AUSTIN - It's been a long fight for schools in the Lone Star State including many of those in West Texas. They sued the state claiming the way schools are being financed is unconstitutional and unfair. After an exhausting three month trial, a district court judge ruled in favor of more than 600 school districts Monday.
The ruling was made by State District Judge John Dietz after a 12 week trial saying that the state fails to provide local school districts equal access to revenue under the Texas constitution.
During closing arguments on Monday, attorneys representing around 600 public school districts told the judge that the way Texas funds their schools is "woefully inadequate and hopelessly broken."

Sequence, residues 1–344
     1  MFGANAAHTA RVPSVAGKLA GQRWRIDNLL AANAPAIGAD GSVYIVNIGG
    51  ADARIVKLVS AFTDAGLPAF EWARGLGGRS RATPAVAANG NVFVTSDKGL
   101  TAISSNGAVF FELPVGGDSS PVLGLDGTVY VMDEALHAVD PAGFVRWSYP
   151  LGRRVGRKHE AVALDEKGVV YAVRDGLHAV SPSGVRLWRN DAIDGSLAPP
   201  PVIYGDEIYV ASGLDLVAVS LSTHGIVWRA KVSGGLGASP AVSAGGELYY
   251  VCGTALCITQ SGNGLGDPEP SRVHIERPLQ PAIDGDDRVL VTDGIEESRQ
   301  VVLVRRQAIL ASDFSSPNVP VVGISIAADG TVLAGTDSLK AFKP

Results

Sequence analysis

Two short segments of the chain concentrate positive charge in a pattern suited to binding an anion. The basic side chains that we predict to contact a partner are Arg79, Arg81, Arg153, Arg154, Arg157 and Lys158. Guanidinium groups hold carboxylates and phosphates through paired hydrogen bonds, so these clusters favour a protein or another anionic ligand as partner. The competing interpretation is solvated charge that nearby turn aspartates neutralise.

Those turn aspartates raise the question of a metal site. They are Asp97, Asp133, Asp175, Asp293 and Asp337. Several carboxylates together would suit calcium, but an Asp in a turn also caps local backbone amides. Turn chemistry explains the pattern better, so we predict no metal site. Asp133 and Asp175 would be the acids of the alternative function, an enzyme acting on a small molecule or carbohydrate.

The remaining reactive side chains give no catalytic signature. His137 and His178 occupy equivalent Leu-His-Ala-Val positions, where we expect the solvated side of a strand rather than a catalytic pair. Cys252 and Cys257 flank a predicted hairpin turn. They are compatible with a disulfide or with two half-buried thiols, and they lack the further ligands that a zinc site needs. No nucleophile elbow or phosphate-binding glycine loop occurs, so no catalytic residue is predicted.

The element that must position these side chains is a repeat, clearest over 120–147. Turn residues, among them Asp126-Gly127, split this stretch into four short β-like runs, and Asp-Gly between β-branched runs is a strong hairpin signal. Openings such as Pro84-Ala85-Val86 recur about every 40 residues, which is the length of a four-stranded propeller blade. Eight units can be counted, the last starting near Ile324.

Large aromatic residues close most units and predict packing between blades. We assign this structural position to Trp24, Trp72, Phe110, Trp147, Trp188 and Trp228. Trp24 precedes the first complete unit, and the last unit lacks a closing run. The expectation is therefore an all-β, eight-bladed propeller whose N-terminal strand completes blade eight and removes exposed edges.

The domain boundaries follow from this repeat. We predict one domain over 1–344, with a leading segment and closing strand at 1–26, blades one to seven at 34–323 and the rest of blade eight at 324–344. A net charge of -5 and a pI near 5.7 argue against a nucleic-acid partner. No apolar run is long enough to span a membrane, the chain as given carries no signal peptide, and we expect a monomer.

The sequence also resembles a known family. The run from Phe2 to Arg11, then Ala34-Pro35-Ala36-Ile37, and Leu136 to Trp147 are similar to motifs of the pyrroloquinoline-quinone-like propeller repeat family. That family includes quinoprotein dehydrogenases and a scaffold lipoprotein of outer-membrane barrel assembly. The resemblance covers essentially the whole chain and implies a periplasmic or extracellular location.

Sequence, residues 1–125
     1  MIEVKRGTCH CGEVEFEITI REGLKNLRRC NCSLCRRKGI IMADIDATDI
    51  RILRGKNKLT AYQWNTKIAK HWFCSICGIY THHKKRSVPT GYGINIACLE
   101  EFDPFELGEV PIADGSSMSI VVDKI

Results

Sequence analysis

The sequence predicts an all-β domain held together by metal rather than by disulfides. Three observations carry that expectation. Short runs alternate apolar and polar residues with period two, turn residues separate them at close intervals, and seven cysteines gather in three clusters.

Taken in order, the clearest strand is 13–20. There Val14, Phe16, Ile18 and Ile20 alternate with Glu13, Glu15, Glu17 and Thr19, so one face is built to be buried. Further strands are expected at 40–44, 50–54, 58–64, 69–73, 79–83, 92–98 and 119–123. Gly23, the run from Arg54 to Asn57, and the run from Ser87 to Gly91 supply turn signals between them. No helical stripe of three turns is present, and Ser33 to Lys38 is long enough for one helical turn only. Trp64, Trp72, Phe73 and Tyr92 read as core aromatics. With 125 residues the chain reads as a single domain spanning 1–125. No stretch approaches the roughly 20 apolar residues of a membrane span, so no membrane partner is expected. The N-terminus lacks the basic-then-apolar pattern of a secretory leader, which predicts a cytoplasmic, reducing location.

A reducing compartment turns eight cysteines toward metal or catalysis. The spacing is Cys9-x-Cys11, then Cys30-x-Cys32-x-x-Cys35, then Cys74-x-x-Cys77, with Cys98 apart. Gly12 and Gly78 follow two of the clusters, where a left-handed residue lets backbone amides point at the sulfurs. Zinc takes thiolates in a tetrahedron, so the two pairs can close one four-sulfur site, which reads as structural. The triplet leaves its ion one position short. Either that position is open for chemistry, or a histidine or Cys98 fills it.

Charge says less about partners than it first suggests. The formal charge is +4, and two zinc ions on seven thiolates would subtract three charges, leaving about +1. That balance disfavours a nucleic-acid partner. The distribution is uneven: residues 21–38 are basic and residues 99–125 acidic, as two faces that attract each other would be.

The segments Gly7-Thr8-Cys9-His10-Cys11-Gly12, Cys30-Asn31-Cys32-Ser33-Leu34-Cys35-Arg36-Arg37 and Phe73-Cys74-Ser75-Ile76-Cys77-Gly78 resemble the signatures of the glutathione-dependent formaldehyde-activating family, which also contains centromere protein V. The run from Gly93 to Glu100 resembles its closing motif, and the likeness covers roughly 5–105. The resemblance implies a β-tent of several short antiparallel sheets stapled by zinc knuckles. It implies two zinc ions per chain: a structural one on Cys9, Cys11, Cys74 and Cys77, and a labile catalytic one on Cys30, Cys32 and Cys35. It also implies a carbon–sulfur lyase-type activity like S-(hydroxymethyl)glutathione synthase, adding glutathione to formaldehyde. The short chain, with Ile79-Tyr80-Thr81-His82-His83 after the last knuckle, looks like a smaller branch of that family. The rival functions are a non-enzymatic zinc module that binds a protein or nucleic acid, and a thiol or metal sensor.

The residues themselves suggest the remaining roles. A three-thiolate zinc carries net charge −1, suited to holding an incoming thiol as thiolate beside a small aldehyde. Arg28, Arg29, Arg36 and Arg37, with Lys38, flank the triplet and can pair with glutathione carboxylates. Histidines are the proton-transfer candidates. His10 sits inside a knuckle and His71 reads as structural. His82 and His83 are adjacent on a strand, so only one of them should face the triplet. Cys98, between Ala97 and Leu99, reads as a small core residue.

14 West Texas school districts joined the lawsuit through the Texas School Coalition including Midland ISD and Fort Stockton ISD.
"We're pleased with the ruling: We joined one of the original lawsuits because we feel the school funding system is inequitable. Still there is a long way to go until there is a resolution to this so we will continue to be as efficient and effective as we can under this system," ECISD Spokesperson, Mike Adkins, said through a statement.
"From every dollar we raise, approximately 45 cents goes back to the state. So we really have very little control over our own local dollars that are raised because we have to give those back to the state," Austin ISD Intergovernmental Relations, Edna Butts, said.
At issue are $5.4 billion in cuts to schools and education grant programs imposed in 2011 by the state legislature but the districts say simply restoring that funding won't be enough to fix a fundamentally flawed system.
The districts say more kids are enrolling across the state, about 80,000 a year, and schools don't have the resources to educate them.
The Attorney General's office is expected to appeal the case to the Texas Supreme Court.